Trump’s Treasury puts consumer watchdog in crosshairs

President Donald Trump’s Treasury Department called for broad changes in the way the government oversees the nation’s banks, including a plan to rein in the Democrats’ crown jewel of regulation: the Consumer Financial Protection Bureau.

In its first substantive move into the financial regulatory debate, the Treasury Department issued a report Monday calling for the popular watchdog agency to be stripped of much of what it termed its "unchecked regulatory power."

Republicans have been fighting the agency since the passage of the 2010 Dodd-Frank Act, the landmark law passed after the financial crisis that imposed new rules across the finance industry.

The report recommended curbing the consumer agency’s jurisdiction, including its supervisory authority. It also suggested a legal change allowing the president to fire the bureau’s sole director, or said the agency could be restructured into a multiperson commission.

“The CFPB’s combination of an unaccountable structure and broad, unchecked regulatory power is unprecedented,” the report said. Its sweeping authority has "led to regulatory abuses and excesses,” it charged.

The bureau was established by Sen. Elizabeth Warren (D-Mass.), who blasted the report.

"This report calls for radical changes that would make it easier for big banks to cheat their customers and spark another financial meltdown." Warren said in a statement. She said the administration wants to "gut the agency that’s held cheaters accountable and returned more than $12 billion to consumers."

Treasury’s long-awaited report is one of a series that the department is drafting in response to a February executive order by Trump for a comprehensive review of financial regulations, which he says are hindering U.S. economic growth. Along with a bill that House Republicans passed last week — which did not win a single Democratic vote — the report will frame the debate for the Senate as it takes up the issue.

The report recommends fundamental changes in the way regulators supervise banks. Most of its proposals will be welcomed by banks, which have spent billions of dollars to comply with the law and aren’t lobbying for Dodd-Frank’s repeal. Instead, they’ve pressed for the types of targeted changes that Treasury has recommended.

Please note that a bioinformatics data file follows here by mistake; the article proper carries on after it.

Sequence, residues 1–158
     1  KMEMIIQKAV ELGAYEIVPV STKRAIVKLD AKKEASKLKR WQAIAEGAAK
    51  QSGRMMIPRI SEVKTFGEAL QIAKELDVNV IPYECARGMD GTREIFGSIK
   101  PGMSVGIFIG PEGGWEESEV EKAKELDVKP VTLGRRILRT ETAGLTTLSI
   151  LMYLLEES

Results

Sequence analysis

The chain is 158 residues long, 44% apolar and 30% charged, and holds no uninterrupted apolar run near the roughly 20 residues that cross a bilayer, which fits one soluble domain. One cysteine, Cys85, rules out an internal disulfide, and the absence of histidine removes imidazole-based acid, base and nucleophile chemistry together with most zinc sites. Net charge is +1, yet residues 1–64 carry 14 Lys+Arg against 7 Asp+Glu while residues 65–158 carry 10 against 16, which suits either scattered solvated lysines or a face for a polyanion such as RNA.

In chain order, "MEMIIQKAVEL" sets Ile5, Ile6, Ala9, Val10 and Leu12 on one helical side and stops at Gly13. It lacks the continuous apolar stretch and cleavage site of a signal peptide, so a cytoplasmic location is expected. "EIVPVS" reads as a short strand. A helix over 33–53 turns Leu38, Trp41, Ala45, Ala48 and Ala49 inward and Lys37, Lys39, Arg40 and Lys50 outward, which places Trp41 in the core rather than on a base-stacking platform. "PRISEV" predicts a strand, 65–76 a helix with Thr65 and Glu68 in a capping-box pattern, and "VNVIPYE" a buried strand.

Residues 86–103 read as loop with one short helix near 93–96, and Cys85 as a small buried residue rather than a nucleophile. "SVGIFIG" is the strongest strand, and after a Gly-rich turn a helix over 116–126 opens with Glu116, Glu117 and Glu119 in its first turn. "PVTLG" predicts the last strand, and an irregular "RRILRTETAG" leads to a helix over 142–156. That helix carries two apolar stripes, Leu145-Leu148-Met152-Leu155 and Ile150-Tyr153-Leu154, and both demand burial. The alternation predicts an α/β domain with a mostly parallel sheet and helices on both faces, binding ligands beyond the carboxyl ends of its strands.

“This was a very common-sensical approach,” Consumer Bankers Association President and CEO Richard Hunt said. “If you’re a moderate Democrat, there are a lot of good things in here.”

Rob Nichols, president and CEO of the American Bankers Association, called the report "an important step to refine financial regulations to ensure that they are supporting — not inhibiting — economic expansion.”

While the bill stops well short of the Dodd-Frank overhaul that House Republicans just approved, there’s an explicit nod to the idea at the heart of the GOP legislation: Treasury agreed that a bank should be allowed to opt out of several regulations in exchange for meeting stricter capital requirements.

But the department also called for increasing power of another institution that has annoyed Republicans since Dodd-Frank’s enactment: the Financial Stability Oversight Council, a panel made up of financial regulatory heads and chaired by the Treasury secretary.

Treasury recommended that the council have the ability to appoint a lead regulator for an issue in which agencies have overlapping jurisdiction.

“FSOC should not be a replacement for the regulators,” Treasury Secretary Steven Mnuchin said in a House subcommittee hearing Monday. “Cybersecurity is one [area] which it’s perfectly clear to me … one agency should be named as the lead agency and coordinate amongst all the rest of them.”

The report also targets one of the most controversial parts of Dodd-Frank: the so-called Volcker rule, which restricts banks’ ability to conduct risky trades with depositors’ money. The regulation, named for former Federal Reserve Chairman Paul Volcker, was implemented jointly by five regulators.

“The regulators’ existing approach to coordination has not worked and, as a result, banks have had difficulty obtaining clear, consistent guidance,” the report said.

The report recommended that banks with fewer than $10 billion in assets be exempt from the Volcker rule, along with larger banks that either have a smaller trading portfolio or a higher capital level.

It also found that the cost for financial firms to comply with the Dodd-Frank law are so steep that it is difficult for many Americans to get home loans.

The report suggested an update to the Community Reinvestment Act, which encourages banks to serve the credit needs of the local community, to account for the internet, which has changed the scope and reach of services that banks offer.

Treasury will issue three other reports in connection with the February executive order. They will cover capital markets; asset management and insurance industries; and non-bank financial institutions, including financial technology companies.

Lorraine Woellert and Colin Wilhelm contributed to this report.

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